maalis 31, 2021

Reinventing reliability through Additive Manufacturing

Reinventing reliability is a critical mission that impacts technology and product development at Neles. In this article, Jukka Borgman, Director of Technology Development at Neles, talks about Additive Manufacturing – more commonly known as 3D printing. He is very much involved to push technology development of AM within the company.

Complex internals

“Neles is one of the frontrunners in the valve business. In 2018, we shipped our first valves with 3D printed parts from our Helsinki plant. These 3D components allow the valves to perform in a particularly demanding application where they need to withstand numerous fast open-close cycles without maintenance.”

Borgman sees the main advantage of AM in the ability to design and manufacture complex internals that improve the functionality of the valve, also impacting its reliability, safety, and overall lifespan. “We see it as a robust and reliable production process that is ideal for small, complex shapes. Consider noise attenuation trims where 3D technology enables the design of parts that deliver more superior performance than conventionally-produced trims.”

Frontrunner in AM

Apart from 'design freedom', AM has additional benefits such as making tools, racks, or frames obsolete. It can also reduce production times, making it suitable for producing spare parts.

“For example, we AM-produced an attenuation ring in just 24 hours after which limited final machining was required, which added on just an extra day.”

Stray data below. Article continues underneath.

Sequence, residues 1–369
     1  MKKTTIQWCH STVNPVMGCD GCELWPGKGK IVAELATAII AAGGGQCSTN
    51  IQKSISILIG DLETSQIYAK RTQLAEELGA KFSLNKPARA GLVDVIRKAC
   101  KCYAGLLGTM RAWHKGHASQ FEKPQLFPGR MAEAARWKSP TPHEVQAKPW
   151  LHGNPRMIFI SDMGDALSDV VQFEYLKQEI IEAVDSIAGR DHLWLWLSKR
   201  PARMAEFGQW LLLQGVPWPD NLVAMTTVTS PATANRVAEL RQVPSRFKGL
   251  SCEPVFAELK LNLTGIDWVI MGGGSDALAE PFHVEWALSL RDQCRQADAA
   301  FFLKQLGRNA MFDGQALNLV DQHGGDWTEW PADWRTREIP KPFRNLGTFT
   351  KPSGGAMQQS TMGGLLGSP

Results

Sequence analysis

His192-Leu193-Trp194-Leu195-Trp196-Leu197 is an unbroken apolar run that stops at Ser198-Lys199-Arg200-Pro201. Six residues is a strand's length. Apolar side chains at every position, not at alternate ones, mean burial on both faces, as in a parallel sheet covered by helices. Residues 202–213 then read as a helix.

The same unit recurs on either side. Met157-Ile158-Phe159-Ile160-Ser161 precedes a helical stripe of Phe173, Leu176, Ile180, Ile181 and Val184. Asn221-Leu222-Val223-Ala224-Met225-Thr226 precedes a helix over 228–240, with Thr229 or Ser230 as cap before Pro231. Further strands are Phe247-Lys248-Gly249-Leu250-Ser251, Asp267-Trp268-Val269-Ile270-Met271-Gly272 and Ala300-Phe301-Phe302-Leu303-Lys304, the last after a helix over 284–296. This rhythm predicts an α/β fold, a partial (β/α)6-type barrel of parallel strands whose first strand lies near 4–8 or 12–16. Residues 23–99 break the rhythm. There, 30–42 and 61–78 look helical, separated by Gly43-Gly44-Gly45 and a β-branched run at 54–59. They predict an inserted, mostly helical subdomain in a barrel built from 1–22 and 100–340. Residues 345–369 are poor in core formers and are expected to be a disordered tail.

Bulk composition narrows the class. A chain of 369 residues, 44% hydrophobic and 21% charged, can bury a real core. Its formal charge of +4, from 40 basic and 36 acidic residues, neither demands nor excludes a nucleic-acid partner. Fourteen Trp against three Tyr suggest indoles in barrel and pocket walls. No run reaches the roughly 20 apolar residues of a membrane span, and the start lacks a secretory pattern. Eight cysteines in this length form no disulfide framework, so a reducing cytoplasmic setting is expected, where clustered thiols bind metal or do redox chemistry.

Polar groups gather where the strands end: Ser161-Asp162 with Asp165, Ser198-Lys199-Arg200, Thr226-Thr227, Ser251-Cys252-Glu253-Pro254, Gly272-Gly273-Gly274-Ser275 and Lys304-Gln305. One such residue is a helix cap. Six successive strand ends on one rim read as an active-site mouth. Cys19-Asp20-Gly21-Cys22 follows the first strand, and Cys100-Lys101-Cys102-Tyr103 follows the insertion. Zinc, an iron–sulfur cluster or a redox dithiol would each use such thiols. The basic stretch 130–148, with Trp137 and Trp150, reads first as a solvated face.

We have been at the forefront of Additive Manufacturing in valve (part) production. We expect that it will become increasingly used in certain valve components; much of this will depend on the development of material standards.

Despite its advantages, Additive Manufacturing is not the magic potion for all manufacturing in the valve supply chain, Borgman says. “We have been at the forefront of AM in valve (part) production. We expect that it will become increasingly used in certain valve components; much of this will depend on the development of material standards. These are needed to assure end-users that the quality is guaranteed. However, there are efficient, cost-effective manufacturing methods for large volumes, such as casting, that are difficult to replace. There are also challenges to produce AM-parts for pressure-retaining vessels.”

3D-valve-body.jpg

3D valve body

Having stated this, Neles manufactured an entire 3D printed valve body in Q4 of 2020. It was a standard ball valve (existing model, 1 inch, 63 bar) to be installed in a non-critical application at a power plant in northern Europe.

“The main goal with this project was to manufacture a safe valve that we will test extensively (tensile strength and impact resistance, etc.) before installation. We are very excited that this model will be tested in the field. It is also interesting that this particular end-user approached us to manufacture this valve. As for the reasons for the end-user to test this technology, I can’t disclose anything.”

Mr. Borgman states that the 3D printed material for the prototype of the valve has been already tested and that the results are better than expected. The valve could also take up less material than would be the case with casting. “However, for this particular valve, we will use a broader safety margin in terms of thickness. Again, safety is paramount. In later stages, we will optimize these parameters, of course.”

Opportunities of 3D printing – watch the video

On the video our experts Valtteri Koskinen, Senior Product Manager of Ball Valves and Tommi Bergström, Senior Research Engineer at Neles discuss the opportunities of 3D printing in valve manufacturing and showcase some 3D printed parts.

 

Text by Lucien Joppen, Editor in chief Valve World. 

This article was originally published in Valve World magazine, February 2021 issue.

The original text has slightly been up-dated in March 2020, due to the time between the interview and the publishing date. 

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